A look at The Salvation Army in Japan

In 1895 a small group of British officers arrived in Yokohama, Japan, to start the work of The Salvation Army. In spite of great difficulties, the ministry germinated and grew. Today the JapanTerritory is headquartered in Tokyo and has more than 80 officers and nearly 3,000 soldiers serving in 47 corps and 12 outposts in four divisions.

With more than 1,100 employees, the Army also administers two hospitals, three children’s homes, five day nurseries, two working men’s residences, two women’s residences, two residential rehabilitation centers, three older adult residences, a hostel and apartments for retired officers.

Since the devastating earthquake and tsunami in March 2011, The Salvation Army in Japan has focused heavily on relief work and meeting long-term needs. It has had many opportunities to show God’s love and care to people in need through this extended period of recovery, offering practical help and pastoral care.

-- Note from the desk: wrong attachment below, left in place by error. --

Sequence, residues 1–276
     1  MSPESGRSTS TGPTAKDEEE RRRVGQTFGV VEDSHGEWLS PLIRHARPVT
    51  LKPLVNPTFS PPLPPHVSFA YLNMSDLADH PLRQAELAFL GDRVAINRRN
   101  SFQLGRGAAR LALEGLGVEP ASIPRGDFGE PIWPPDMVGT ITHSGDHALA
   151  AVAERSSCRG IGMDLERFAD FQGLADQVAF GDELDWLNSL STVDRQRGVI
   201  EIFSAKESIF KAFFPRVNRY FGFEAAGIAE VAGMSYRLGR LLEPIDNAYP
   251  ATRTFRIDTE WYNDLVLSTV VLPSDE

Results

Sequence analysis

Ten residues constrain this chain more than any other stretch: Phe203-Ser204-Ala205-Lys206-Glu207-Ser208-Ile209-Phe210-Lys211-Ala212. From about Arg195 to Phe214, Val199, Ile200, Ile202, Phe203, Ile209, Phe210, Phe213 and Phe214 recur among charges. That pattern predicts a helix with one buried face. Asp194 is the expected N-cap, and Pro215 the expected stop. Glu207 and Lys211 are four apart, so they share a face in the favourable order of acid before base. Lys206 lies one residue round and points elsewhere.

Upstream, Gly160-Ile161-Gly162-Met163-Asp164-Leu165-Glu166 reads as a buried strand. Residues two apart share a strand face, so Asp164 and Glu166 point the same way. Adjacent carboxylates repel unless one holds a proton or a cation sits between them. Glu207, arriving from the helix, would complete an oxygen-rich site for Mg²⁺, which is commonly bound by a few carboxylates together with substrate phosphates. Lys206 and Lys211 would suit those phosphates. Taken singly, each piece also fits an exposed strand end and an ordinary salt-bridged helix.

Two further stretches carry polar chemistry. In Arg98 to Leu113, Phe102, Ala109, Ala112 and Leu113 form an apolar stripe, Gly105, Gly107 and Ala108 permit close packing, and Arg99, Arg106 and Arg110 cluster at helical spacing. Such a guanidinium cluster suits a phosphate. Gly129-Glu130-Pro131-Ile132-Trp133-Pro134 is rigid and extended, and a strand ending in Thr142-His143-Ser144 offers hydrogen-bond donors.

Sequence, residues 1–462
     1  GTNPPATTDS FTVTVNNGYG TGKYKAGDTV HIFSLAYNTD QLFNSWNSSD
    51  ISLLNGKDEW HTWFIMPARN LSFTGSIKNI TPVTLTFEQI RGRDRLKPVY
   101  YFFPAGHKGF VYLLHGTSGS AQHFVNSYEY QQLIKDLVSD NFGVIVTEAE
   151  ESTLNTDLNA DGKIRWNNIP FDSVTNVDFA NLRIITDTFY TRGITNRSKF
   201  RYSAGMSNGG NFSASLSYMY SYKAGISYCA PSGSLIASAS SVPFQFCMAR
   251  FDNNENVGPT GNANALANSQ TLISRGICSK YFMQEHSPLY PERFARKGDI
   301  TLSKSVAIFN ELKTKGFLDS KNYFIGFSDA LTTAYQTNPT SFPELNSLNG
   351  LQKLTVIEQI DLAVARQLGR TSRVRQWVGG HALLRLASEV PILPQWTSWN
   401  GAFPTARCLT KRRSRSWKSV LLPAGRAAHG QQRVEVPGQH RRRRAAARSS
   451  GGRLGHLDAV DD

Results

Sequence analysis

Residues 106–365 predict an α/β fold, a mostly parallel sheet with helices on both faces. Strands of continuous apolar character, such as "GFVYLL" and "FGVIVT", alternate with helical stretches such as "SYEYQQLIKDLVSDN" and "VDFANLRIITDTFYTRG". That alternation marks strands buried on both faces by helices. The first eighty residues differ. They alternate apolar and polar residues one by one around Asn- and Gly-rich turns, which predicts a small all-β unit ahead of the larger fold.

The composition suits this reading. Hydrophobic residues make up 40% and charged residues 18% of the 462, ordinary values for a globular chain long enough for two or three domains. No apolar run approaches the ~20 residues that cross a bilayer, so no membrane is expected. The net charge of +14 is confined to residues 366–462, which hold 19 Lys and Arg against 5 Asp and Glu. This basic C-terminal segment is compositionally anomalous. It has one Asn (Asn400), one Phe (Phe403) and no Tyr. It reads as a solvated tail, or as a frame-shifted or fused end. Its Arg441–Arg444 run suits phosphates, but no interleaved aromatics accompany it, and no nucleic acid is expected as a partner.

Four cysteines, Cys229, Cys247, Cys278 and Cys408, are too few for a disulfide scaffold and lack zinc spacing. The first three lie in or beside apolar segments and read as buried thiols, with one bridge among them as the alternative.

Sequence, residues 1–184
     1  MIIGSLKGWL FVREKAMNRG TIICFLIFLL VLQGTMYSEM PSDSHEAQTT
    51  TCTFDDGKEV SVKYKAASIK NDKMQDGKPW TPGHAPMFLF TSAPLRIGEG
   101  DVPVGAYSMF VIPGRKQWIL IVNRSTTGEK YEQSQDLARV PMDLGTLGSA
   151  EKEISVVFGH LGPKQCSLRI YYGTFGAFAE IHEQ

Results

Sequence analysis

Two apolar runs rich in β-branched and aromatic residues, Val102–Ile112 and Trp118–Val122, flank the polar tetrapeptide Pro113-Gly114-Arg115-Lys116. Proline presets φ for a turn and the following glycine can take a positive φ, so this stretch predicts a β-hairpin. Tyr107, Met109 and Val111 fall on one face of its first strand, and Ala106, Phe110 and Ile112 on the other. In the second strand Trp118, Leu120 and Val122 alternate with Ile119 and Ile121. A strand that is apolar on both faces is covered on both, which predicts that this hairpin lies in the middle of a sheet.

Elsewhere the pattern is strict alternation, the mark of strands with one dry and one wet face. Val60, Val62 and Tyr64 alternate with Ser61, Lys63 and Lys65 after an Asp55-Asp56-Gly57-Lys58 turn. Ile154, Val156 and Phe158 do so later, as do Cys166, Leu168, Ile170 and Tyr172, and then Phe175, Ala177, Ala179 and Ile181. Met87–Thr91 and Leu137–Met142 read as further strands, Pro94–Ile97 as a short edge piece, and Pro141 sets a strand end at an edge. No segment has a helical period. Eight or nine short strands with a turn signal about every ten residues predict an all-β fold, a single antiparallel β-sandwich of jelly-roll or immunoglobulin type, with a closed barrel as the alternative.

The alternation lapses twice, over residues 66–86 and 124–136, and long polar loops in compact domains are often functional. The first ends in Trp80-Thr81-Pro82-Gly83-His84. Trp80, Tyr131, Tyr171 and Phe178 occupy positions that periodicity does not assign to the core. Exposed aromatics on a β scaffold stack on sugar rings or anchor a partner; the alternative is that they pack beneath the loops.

The Salvation Army also facilitated the building of temporary shops in villages to stimulate local economies, and it supplied 30 boats to a fishing village that had lost most of its 150-vessel fleet.

With 98 percent of Japan’s 127 million people having Shinto and Buddhist beliefs, Japanese Salvationists have been focusing on sharing the gospel with family members, encouraging them to seek God. During a hospital visit, a corps officer led a man to Christ and was privileged to enroll him as a soldier only weeks before the man’s death.

Source: The Salvation Army Year Book and the CIA World Factbook




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